*This article has been updated to reflect the latest findings in SARS-CoV-2 research. The Lighting Practice is committed to providing its clients with the latest information on this topic as it becomes available.*
For many, the last several months have left us with a strong desire to return to prior pandemic-free existence and a growing uncertainty for how this can be achieved. How do we know if our shared spaces are safe? How can we prevent re-contamination? Enter ultraviolet light, specifically UV-C, a non-visible wavelength of light (radiant energy) effective in killing bacteria and viruses including coronaviruses. As knowledge of UV-C’s ability to kill coronaviruses spreads, there is a growing interest in GUV technology and its potential to restore trust in shared spaces. While the industry races to find the solution that will support our safe return to public life, we at The Lighting Practice advise caution. UV-C is dangerous and there is no single solution for all applications.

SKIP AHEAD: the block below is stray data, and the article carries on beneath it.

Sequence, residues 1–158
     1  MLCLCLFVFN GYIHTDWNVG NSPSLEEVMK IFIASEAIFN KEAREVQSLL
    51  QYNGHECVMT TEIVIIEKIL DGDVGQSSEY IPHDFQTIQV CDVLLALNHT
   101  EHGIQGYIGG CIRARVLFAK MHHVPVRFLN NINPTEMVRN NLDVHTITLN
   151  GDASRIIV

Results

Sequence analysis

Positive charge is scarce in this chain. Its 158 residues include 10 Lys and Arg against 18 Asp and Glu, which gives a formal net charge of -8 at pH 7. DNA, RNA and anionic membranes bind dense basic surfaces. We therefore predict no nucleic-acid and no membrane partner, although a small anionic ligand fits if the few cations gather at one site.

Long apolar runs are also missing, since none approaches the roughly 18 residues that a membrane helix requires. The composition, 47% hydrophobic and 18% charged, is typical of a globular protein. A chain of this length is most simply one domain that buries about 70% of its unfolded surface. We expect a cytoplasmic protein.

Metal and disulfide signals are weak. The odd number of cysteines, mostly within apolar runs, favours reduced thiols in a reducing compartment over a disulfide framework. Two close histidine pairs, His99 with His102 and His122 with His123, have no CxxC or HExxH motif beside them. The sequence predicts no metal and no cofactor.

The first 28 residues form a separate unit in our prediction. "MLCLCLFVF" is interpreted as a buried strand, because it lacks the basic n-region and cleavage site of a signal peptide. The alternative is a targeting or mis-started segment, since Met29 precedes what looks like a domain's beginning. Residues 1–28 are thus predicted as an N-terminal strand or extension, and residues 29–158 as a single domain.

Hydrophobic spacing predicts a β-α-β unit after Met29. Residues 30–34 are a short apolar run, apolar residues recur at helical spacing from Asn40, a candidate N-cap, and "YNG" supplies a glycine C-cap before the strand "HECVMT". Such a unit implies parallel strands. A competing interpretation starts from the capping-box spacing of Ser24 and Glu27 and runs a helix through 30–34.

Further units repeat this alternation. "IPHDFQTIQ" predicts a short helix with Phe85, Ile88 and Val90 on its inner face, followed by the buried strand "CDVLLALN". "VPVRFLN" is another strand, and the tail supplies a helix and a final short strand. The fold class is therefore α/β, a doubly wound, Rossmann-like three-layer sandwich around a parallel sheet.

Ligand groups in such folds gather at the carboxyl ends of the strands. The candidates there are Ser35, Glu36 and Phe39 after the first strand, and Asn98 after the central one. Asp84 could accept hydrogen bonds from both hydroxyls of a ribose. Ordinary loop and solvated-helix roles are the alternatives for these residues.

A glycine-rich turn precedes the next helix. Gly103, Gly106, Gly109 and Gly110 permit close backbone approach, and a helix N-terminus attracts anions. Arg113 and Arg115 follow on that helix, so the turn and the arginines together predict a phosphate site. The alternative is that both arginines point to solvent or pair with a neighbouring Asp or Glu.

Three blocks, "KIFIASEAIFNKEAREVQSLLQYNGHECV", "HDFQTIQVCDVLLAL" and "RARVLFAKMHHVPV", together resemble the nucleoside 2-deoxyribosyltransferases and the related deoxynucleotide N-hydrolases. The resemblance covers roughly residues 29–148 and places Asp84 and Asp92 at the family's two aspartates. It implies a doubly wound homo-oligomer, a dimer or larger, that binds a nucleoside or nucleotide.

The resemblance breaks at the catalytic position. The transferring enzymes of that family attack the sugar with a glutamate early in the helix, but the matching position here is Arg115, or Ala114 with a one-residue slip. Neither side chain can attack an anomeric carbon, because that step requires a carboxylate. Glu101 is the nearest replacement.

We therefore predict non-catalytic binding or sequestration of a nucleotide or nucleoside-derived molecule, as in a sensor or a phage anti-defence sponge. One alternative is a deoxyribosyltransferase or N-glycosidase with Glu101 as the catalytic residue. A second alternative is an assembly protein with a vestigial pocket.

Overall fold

What is GUV and how is it used?
Germicidal Ultraviolet (GUV) is any UV product used for disinfection. A subtype of UV radiation known as UV-C (range of 200 to 280 nm) has proven effective in fighting SARS-CoV-2. While highly effective in treating liquid, surfaces, and air in contained environments, exposure to UV-C wavelengths is dangerous for humans and animals. For this reason, GUV products have traditionally been used in controlled environments like laboratories and medical treatment facilities after occupants have vacated the space. For occupants unable to vacate, personal protective clothing and eye protection are required. This technology is also used in HVAC air handling units to treat recirculated air and to reduce mold growth on cooling coils. GUV products are now being explored as a solution to disinfect a broader range of environments. While this idea is commendable and can certainly be effective under the right conditions, it also increases the risk of accidental exposure.